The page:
Posted on | June 1, 2011 | No Comments
Lake Mead’s rise by two feet in May presages a total rise of 32 feet by the end of February, 2012, reported the Las Vegas Review-Journal several weeks ago. Last night at midnight, the elevation of the largest storage reservoir in the US was 1,097.89, leaving another 30 feet due for release from Lake Powell upstream. The federal Bureau of Reclamation graphic, left, shows how much water sits in reserve as snowpack in the upper Colorado region.
As the snow melts and the water makes its way through the dam system upstream, the 2010-11 water year on the Colorado will push Lake Mead steadily upward from the 1,075 elevation, at which point shortages would have been declared for Arizona and Nevada. For California to be hit by shortages, the reservoir would have to drop further because of an antique priority rights system governing the river.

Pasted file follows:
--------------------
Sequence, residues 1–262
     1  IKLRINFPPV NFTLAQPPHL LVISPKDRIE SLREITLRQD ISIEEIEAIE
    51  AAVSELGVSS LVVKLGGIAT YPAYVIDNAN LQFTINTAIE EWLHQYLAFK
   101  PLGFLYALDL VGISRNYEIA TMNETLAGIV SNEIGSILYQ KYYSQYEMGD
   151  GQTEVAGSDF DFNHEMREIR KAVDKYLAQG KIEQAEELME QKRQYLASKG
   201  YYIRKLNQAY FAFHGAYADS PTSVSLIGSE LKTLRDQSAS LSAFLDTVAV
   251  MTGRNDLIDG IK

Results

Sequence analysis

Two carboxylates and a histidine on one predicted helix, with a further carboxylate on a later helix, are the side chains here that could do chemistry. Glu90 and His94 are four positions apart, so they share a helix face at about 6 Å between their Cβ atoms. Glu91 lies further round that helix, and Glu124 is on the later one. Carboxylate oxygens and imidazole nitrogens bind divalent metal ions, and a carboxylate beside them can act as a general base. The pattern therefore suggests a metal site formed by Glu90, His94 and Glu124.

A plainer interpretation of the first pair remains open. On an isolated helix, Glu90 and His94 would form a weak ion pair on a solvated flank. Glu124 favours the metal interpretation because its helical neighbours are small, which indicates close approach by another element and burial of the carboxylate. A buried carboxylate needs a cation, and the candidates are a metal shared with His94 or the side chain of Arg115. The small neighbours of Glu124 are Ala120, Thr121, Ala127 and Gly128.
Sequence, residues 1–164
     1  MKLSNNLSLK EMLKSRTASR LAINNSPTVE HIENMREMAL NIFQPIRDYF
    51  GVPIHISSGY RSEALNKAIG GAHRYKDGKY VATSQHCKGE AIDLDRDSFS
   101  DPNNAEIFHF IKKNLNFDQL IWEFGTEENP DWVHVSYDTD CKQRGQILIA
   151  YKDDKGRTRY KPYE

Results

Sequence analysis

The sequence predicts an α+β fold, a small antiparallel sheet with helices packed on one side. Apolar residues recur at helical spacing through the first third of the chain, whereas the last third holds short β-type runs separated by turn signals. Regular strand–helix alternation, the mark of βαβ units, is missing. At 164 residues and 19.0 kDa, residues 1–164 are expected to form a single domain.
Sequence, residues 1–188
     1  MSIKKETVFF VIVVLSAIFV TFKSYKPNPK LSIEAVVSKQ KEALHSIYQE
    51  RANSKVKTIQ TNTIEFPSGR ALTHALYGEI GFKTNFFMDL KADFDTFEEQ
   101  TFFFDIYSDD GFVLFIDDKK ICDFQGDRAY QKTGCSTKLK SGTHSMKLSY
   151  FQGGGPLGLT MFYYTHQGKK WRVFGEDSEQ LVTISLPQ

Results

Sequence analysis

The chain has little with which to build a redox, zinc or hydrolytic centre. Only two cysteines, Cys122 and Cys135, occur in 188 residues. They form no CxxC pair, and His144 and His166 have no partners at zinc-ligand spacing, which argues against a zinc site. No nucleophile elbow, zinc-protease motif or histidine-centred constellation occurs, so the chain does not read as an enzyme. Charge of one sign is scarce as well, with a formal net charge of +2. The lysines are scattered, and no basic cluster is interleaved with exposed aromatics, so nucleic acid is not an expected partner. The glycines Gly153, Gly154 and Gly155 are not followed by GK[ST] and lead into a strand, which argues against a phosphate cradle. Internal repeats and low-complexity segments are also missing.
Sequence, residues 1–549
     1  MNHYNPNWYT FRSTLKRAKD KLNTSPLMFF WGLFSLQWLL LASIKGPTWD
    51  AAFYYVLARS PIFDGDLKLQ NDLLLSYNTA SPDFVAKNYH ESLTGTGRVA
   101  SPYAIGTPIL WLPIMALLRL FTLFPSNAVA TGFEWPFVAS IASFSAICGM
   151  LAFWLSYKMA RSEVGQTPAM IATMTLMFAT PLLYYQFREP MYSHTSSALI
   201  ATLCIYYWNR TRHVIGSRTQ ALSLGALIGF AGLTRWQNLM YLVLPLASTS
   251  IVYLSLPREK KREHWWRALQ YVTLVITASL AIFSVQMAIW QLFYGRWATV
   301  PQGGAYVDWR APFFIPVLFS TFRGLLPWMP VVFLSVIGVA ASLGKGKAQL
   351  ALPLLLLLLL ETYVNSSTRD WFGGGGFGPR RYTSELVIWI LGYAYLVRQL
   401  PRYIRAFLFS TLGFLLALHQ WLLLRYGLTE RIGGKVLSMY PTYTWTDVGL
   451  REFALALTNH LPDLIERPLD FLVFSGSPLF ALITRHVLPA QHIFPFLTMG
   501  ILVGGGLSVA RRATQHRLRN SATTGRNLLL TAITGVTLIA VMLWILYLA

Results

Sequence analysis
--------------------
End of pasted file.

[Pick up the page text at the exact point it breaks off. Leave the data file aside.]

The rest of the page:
While Las Vegas celebrated a near miss with shortages, (last November it was within 7 feet of the trigger), last week the editorial page in the Los Angeles Times urged water managers to greet the good water year conservatively as the Los Angeles City council entertains relaxing lawn watering restrictions.
Click here for Reclamation records of the elevations of Lake Mead going back to its impoundment by Hoover Dam.